Friday, March 02, 2007

Monica Drake, Clown Girl


I had this big, long, detailed description of Clown Girl written out and then my computer decided to make a sound like this: chuggg chugg eeekkkk, chuggg chugg eeeek and then it just kind of..died. So I had to take over my sons computer and write this out from my memory. Don't you hate it when things like that happen?
I will tell you what Clown Girl is not, it's not happiness, bright sunshine and feel good. It is dark and kind of twisty. It is sad in parts, funny in other parts and well written throughout. All I can think is that author Monica Drake has an amazing mind and crazy imagination.
Clown Girl is the story of Nita, aka Sniffles the Clown, who lives in a run down place called Baloneytown. She is holding tight to the hope that her boyfriend, Rex Galore, is going to come back to town and sweep her off her big clown feet and the two will live happily ever after. Of course it doesn't work out that way. There is a rubber chicken named Plucky, a police officer, a pot dealing ex-boyfriend and fellow clowns Matey and Crack, just to name a few characters from this novel. If you are looking for a different kind of book by a fabulous writer then you need to check this one out.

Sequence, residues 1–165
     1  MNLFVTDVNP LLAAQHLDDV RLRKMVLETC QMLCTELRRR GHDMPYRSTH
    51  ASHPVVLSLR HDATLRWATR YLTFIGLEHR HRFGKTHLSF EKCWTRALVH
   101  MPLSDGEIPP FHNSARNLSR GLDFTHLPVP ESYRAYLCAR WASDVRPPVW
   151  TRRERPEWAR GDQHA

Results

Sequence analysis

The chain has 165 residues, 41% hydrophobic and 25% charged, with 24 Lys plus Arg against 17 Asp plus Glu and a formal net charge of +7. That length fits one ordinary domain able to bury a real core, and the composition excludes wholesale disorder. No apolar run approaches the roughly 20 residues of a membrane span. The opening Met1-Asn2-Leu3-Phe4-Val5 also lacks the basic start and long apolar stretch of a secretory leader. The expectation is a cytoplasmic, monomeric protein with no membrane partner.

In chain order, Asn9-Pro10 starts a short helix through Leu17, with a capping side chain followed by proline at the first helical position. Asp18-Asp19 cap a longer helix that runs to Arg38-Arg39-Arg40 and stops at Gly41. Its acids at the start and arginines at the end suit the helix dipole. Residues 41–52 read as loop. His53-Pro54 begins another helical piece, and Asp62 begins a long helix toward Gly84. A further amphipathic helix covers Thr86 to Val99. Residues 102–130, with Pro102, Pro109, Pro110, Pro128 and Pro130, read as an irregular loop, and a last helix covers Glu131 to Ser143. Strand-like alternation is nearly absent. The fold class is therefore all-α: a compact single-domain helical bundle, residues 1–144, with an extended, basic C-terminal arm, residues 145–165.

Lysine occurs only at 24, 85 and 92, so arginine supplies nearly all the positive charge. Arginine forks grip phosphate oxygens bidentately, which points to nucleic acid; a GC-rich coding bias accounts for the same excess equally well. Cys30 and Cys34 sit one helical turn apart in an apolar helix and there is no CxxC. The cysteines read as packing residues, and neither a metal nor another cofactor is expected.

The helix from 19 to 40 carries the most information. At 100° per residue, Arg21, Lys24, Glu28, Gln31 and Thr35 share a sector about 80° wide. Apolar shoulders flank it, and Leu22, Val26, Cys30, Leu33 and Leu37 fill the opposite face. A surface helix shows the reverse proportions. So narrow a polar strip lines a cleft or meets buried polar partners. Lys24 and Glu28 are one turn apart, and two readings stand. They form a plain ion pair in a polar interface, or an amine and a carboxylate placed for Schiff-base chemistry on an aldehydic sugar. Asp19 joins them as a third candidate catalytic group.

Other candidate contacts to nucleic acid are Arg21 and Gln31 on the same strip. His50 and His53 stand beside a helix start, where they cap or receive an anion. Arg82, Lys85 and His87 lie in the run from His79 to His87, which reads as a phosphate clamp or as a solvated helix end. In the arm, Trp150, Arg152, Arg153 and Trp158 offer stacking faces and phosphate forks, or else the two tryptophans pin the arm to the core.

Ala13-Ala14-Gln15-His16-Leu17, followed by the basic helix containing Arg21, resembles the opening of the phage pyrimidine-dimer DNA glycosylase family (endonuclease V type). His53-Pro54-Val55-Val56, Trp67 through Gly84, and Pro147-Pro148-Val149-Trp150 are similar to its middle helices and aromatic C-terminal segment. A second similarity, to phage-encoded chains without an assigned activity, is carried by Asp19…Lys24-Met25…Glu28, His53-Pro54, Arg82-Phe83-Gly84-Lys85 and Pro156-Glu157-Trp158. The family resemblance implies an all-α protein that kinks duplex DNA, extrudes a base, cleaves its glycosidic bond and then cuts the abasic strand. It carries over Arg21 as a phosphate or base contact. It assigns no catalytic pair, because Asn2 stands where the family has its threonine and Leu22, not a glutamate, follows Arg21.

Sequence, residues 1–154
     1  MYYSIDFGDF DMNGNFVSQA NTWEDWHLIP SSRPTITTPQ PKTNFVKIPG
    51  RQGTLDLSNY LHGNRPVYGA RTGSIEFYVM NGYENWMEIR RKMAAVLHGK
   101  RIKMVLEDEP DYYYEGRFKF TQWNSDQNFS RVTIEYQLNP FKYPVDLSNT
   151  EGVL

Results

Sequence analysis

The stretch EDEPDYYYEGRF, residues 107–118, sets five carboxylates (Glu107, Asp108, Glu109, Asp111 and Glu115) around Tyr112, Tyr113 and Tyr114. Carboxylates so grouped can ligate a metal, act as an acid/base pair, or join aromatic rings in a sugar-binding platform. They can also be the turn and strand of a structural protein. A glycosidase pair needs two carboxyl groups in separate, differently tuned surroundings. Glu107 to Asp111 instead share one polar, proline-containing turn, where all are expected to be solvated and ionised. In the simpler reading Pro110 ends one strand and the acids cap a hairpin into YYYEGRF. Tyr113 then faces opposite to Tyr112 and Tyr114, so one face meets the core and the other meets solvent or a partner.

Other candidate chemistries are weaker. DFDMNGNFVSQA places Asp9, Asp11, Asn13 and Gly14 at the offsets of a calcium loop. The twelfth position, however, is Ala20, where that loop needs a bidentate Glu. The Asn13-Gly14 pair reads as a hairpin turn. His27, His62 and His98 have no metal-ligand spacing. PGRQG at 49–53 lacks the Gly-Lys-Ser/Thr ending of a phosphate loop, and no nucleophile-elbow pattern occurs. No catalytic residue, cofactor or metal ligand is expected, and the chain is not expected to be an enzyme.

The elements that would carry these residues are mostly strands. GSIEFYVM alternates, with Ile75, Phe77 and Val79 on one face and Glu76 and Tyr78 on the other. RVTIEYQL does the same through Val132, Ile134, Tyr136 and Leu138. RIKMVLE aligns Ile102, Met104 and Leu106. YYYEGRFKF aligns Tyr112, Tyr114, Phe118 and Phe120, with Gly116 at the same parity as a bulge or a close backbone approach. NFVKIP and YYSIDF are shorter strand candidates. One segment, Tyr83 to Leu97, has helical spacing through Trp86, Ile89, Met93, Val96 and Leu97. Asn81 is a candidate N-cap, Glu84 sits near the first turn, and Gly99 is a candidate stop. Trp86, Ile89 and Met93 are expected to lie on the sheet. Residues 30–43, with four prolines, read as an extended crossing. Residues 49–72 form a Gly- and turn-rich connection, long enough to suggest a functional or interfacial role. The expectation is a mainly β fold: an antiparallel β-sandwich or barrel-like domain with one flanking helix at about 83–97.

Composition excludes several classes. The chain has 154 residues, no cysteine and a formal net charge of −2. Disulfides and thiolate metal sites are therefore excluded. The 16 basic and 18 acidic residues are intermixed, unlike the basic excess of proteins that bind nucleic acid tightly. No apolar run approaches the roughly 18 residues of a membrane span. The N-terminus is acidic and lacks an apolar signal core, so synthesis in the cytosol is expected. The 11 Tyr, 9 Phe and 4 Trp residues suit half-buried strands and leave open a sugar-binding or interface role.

Where did Baloneytown come from? Why not write about a place like New York City where there are lots of neighborhoods full of destitution and poverty?

I wanted it to be a fictional terrain, so I could use the landscape to my own ends. The main character, Nita, is very much a pedestrian, and I wanted to mapout her walking paths in a way that would line up neighborhoods--Baloneytown, For-Salesville, KingsRow--in a way they don't necessarily naturally fall in any real city.

Also, the style of this novel isn't strictly realism. It’s more cartoon or comic in ways. For that, I needed a cartoonish version of a town, something that could show the grit of a city with the colors and bounce of a clown world. Voila! Baloneytown.

The book is dark, kind of chilly and mysterious. Did you set out to write this kind of a book?